Lady Death

This time I know who it will be:
sirens spiraling two houses down,
EMTs pumping Mr. Phillips’ chest,
Randy naked at the parted curtain,
telling what unfolds. Blinking neighbors
on their lawns, awkward and useless
as furniture; the street crew digging
a hole, methodical, not even
pausing. Men at Work, Randy says, meaning
both teams, one urgent and the other
what? Indifferent? Or just playing
their part: some rescue, some watch, some die
and some just dig. Me, I can’t decide
where I belong. Forty years, I’m thinking,
fifty: that’s how long these folks
have stayed put. I’ve lived here just twelve,
long enough to see them
disappear. The ribs crack
during chest compression, Randy says.
Mr. Kubeczka last fall, before that
Mrs. Doyle. My David that same year,
though not of age. Mr. Curry, then
his wife. Mr. Root. The nameless woman
up the street who lived so long
without running water they simply yanked
the tub and toilets out instead of scrubbing.
How sad, I said, but David
disagreed: She kept her house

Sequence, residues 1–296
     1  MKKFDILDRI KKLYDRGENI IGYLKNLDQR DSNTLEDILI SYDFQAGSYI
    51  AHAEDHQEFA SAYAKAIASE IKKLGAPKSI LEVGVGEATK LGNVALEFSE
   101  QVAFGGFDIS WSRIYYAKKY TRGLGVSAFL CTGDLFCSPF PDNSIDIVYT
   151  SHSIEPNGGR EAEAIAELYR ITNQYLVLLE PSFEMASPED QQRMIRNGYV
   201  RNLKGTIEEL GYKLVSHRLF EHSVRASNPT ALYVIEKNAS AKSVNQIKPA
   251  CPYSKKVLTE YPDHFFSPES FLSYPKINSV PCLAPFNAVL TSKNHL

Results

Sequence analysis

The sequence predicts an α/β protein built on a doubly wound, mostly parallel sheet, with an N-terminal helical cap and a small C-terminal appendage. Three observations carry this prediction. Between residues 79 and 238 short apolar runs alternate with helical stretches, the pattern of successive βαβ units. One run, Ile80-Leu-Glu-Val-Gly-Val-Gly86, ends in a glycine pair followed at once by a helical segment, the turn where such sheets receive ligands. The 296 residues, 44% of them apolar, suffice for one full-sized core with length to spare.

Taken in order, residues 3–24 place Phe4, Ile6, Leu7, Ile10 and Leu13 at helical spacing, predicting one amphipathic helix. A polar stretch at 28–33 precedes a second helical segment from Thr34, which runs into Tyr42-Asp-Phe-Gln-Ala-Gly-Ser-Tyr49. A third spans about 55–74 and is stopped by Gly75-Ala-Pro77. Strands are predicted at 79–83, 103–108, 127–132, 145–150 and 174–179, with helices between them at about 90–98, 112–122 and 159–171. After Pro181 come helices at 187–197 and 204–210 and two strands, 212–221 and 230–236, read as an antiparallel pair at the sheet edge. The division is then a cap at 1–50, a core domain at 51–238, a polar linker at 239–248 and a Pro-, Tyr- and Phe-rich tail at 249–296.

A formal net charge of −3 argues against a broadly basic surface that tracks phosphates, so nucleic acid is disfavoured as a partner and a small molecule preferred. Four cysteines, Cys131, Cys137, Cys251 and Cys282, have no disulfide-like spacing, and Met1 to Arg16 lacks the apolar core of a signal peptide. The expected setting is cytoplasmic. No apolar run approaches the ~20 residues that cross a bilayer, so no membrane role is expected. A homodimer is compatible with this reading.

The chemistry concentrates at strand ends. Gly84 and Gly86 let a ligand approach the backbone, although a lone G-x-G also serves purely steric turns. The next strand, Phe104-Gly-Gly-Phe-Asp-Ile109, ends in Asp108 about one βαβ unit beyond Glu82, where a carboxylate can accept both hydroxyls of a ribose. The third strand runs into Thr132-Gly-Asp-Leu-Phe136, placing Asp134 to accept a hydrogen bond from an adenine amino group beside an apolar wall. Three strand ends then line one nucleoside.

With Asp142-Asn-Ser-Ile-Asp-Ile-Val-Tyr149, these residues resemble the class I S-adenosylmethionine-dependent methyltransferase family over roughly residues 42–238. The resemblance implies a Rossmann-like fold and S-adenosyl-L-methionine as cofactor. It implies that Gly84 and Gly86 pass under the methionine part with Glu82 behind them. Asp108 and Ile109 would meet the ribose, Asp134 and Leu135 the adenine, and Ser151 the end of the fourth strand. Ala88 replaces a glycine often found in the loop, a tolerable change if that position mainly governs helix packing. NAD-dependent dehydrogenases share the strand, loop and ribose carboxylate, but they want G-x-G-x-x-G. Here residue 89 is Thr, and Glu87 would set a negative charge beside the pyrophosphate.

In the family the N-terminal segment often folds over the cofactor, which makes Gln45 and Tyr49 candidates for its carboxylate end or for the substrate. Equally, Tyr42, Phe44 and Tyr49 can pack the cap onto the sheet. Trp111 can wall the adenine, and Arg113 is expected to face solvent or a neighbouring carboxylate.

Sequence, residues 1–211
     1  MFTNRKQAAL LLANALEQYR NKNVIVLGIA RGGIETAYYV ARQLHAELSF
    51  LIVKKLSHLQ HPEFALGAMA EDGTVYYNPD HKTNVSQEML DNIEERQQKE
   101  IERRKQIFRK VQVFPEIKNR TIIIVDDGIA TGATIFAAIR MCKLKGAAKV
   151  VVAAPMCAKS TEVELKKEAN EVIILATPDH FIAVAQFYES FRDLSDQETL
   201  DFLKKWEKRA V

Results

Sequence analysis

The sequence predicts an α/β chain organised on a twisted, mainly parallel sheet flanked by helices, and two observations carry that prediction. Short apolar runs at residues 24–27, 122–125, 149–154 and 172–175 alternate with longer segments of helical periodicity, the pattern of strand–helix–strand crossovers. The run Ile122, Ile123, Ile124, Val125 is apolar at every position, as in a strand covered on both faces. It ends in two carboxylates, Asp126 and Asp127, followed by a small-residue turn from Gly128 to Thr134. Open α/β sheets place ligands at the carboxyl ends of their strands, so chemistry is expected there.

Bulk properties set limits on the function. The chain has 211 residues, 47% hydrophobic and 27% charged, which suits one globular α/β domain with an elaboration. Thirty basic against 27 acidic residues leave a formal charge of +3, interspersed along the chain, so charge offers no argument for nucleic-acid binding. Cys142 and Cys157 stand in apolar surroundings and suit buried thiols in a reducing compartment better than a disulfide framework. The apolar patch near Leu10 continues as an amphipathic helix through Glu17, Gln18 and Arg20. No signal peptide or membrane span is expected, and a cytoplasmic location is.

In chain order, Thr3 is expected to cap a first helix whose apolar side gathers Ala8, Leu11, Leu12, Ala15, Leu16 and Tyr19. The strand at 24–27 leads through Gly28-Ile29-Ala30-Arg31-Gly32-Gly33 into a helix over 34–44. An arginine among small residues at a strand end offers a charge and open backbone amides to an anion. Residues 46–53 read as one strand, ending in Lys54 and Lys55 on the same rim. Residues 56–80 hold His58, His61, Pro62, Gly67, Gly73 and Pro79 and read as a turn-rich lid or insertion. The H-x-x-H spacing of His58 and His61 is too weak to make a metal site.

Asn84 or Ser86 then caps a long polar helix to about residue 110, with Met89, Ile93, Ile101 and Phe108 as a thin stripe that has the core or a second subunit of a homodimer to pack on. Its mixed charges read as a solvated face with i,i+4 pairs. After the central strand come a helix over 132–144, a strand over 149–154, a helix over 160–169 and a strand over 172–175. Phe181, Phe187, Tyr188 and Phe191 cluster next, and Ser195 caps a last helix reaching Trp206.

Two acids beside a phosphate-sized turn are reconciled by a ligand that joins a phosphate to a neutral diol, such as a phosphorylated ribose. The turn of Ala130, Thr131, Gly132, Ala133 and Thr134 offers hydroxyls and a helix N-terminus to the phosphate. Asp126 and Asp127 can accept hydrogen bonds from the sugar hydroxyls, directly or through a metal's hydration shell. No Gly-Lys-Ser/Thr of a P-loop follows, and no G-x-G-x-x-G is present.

until she died. I say good for her!
And each time Ruby walked
from house to house, yellow umbrella
bobbing in the rain, in the stunning
heat, collecting signatures and cash
for flowers. We took to calling her
Lady Death, especially the year
cancer bleached and stripped
her body down; the only time she didn’t call
was for David, but she was starting chemo.
Five weeks later she found me out
in the garden: rickety, shrunken,
two sweaters flapping, she shuffled past
the wet azaleas to hug me and say
Throw it all away,
his clothes, his shoes. I’m telling you
it’s better in the long run.
That summer
I thought she might go next, but pressed her
a twenty for Tom’s wife and said,
Not you. Ruby blushed. I wonder if she hates
this task? She’s the only one who’s met
the families who buy these emptied houses,
change the locks, change the neighborhood,
if that’s what we have. I don’t feel
part of it. Perhaps it’s gone, or maybe
it’s part of what she does, maintaining
such a ritual, connecting us, strangers
despite ourselves.

:: Ron Mohring, Survivable World (2004)

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